A window washer washing suds from a window.
A recent survey revealed that 16 million Americans are holding down multiple gigs.
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Why Do So Many Americans Have More Than One Job?

Side hustles are more common than ever. That's not a good thing.

It looks like the Labor Department drastically underestimated how many Americans have more than one job in its January employment report.

Despite the government’s assertion that eight million of us are working multiple jobs, recent research from top economists Nicolas Bloom,  Jose Maria Barrero and Steven J. Davis revealed that that number is closer to an eyebrow-raising 16 million. That’s 10% of the United States workforce.

Their study, titled “Survey of Working Arrangements and Attitudes,” collected more than 100,000 responses from around the country. It offers some other wild revelations (e.g. the pandemic’s impact of work-from-home arrangements is equivalent to the 40 years of WFH growth that preceded it), but the multi-employment conclusion, in particular, is a reminder of how much the economy has changed.

With wage increases struggling to match the rate of inflation, an opportunistic labor market (in spite of all the recent tech layoffs) and more workers in hybrid or WFH situations than ever before, it makes sense that more Americans are adding hourly paychecks — if not additional salaries, with secondary insurance, and sometimes even 401K contributions.

This isn’t the new normal, considering 78% of American employees still have just one job, but it’s certainly on the upswing. So: how should we feel about it?

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It’s a polarizing trend, surprise, surprise; some two-jobbers feel militantly about their right to allocate their time as they see fit. If they can hold down responsibilities for multiple companies (and no one is the wiser…a bit easier now in the WFH world) why shouldn’t they? It isn’t illegal, rent is too damn high, a carton of eggs is up 60%, etc.

As one commenter wrote on Reddit: “It’s long been accepted for people to work for two to three low-paying jobs or gigs just to scrape by — but as soon as we talk about getting two real paychecks…having twice the opportunity to save for retirement — it becomes a big ethical issue!”

On the flip side, employees working multiple jobs is an issue to certain CEOs, who insist “this is not about side hustles or moonlighting.” As Davis Bell, an angel investor and executive at software company Canopy posted to LinkedIn a few months back: “Whenever I read stories in the media about people doing this I’m usually surprised that they don’t make a bigger deal of the core moral issues at play: ‘working’ two full-time jobs is stealing, and it also involves a great deal of lying and deception.”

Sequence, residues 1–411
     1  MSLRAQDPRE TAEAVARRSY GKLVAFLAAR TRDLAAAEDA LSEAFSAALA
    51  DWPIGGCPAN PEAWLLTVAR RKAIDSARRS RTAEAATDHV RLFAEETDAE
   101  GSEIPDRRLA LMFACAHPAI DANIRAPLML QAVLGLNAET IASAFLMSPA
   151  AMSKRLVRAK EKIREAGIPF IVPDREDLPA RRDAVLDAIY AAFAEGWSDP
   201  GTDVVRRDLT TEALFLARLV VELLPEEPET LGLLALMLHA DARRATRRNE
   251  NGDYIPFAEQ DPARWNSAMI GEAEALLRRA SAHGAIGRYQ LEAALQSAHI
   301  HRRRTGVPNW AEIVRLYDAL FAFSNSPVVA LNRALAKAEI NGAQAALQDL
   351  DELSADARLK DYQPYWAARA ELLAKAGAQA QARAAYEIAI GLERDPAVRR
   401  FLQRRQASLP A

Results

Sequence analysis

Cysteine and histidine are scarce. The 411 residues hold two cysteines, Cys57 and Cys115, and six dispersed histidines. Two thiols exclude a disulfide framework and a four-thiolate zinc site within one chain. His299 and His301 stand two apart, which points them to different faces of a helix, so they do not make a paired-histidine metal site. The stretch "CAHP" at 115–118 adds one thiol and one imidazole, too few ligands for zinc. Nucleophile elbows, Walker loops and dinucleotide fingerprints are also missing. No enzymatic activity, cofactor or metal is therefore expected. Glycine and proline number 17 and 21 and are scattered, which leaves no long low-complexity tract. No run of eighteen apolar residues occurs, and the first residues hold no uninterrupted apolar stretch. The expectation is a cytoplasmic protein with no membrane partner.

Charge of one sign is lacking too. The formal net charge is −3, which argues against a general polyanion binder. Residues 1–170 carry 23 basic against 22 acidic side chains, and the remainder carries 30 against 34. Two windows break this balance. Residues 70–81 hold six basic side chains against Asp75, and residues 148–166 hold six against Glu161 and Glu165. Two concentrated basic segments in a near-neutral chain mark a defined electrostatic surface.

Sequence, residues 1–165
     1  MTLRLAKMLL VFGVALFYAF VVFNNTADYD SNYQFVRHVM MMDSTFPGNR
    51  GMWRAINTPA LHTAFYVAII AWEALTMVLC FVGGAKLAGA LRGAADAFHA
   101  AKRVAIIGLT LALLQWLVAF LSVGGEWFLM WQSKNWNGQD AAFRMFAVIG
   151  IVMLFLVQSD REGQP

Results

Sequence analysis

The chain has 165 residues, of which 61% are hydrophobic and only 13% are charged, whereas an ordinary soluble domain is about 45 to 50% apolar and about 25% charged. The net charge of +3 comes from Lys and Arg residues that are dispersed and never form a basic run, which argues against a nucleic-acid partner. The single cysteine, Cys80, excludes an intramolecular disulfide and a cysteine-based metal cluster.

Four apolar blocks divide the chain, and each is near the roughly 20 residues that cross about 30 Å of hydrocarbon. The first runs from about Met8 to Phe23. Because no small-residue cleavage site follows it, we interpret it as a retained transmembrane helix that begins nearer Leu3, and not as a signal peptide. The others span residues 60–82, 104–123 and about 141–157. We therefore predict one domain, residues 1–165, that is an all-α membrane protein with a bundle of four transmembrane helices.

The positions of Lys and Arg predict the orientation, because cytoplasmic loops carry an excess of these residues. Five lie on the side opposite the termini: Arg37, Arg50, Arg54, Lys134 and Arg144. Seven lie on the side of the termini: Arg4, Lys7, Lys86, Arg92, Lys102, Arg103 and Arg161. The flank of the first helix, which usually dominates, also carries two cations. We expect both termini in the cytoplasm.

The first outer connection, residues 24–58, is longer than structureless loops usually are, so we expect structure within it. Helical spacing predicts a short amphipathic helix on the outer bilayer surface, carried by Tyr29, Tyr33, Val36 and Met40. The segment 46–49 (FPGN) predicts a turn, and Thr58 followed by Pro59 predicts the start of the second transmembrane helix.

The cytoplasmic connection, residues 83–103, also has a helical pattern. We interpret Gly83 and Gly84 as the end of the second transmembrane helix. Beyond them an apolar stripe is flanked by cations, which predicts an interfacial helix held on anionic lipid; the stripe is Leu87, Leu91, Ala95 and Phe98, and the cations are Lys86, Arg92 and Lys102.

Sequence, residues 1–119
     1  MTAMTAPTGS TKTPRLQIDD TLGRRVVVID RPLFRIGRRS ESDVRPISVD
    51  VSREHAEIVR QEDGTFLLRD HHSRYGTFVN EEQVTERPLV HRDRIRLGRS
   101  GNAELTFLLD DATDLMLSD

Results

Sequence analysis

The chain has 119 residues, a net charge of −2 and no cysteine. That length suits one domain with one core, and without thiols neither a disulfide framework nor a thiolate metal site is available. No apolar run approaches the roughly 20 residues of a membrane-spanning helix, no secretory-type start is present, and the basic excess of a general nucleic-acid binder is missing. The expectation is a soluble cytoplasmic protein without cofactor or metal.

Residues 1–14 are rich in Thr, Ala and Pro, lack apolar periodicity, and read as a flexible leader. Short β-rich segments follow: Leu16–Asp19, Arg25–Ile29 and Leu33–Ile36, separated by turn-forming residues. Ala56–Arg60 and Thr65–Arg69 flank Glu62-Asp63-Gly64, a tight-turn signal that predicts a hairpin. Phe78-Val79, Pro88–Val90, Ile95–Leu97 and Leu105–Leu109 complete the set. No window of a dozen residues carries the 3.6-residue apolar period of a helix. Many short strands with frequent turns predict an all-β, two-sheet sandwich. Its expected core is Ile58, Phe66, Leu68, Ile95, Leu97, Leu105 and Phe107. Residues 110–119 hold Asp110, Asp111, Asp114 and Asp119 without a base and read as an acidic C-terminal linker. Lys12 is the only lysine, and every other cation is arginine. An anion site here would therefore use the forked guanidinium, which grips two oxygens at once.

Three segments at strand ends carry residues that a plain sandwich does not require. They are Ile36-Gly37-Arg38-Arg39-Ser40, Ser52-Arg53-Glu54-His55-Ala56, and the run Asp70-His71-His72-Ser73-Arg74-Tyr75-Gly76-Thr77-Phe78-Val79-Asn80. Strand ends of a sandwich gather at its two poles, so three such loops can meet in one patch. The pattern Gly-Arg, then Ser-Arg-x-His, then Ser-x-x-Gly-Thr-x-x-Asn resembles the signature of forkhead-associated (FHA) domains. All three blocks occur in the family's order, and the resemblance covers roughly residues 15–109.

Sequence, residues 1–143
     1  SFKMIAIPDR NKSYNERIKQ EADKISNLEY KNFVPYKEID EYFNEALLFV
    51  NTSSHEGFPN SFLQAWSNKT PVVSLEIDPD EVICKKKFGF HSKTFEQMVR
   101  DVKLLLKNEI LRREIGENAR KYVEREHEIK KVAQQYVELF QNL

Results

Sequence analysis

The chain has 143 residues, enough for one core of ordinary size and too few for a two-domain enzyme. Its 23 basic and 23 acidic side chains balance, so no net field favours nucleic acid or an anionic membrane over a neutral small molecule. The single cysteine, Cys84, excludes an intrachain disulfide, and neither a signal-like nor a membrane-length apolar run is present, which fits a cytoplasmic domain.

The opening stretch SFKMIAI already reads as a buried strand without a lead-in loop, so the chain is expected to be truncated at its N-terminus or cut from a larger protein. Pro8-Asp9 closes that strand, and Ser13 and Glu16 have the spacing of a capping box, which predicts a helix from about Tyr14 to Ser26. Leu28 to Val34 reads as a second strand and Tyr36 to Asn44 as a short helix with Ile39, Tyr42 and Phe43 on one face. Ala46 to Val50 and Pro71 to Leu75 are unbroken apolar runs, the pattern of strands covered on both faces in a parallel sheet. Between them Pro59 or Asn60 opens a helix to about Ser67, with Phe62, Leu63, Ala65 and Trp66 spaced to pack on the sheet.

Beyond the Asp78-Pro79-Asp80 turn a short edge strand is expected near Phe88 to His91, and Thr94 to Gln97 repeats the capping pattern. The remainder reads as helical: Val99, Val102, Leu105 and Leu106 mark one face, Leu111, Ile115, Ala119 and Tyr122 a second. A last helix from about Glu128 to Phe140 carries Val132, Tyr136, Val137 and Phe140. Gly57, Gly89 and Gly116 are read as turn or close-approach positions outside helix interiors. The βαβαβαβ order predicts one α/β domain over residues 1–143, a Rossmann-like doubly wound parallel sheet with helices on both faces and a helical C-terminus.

You can see his point — like any sitcom episode where a protagonist tries to bring two dates to the school dance, hopping between Zoom meetings of different companies, missing deadlines and manipulating your online presence to make it seem like you’re working for just one company feels like a fool’s game, with an inevitable crash and burn.

But the fact that people are even attempting to pull it off doesn’t make them automatically deplorable. It’s a referendum on employment packages that are ultimately underwhelming when the economy takes a turn for the worse. Besides, most two-jobbers aren’t working as software engineers at competing firms, on the exact same days of the week, no matter how sexy/insane a concept that may be for people to comment on online.

The top secondary jobs are often “off-laptop.” Think: drivers, dog walkers, bartenders, babysitters, tutors, personal trainers, carpenters, quality assurance reviewers, customer service representatives. The sort of shift work that requires people to be in person, or on site, which can make use of someone’s free time in the evenings or on the weekends.

These gigs can be extremely rewarding, and not just thanks to the extra cash it puts in one’s pocket. They can lead to new skills, friendships, events and connections…which can hopefully lead to new full-time gigs.

It’s critical we remember, though, from those lowest on the labor chain, to the evidently-irritated CEOs at the top, that working 70 hours a week is not a privilege. It’s a public health issue. There’s a phrase in Japan: karoshi, which can be translated to “overwork death.” Spending every waking hour trying to make money leads to mental fatigue and malnourishment. Instead of shaming the people who feel like they have to consider that path, let’s think about creating an employment structure where one job is enough.

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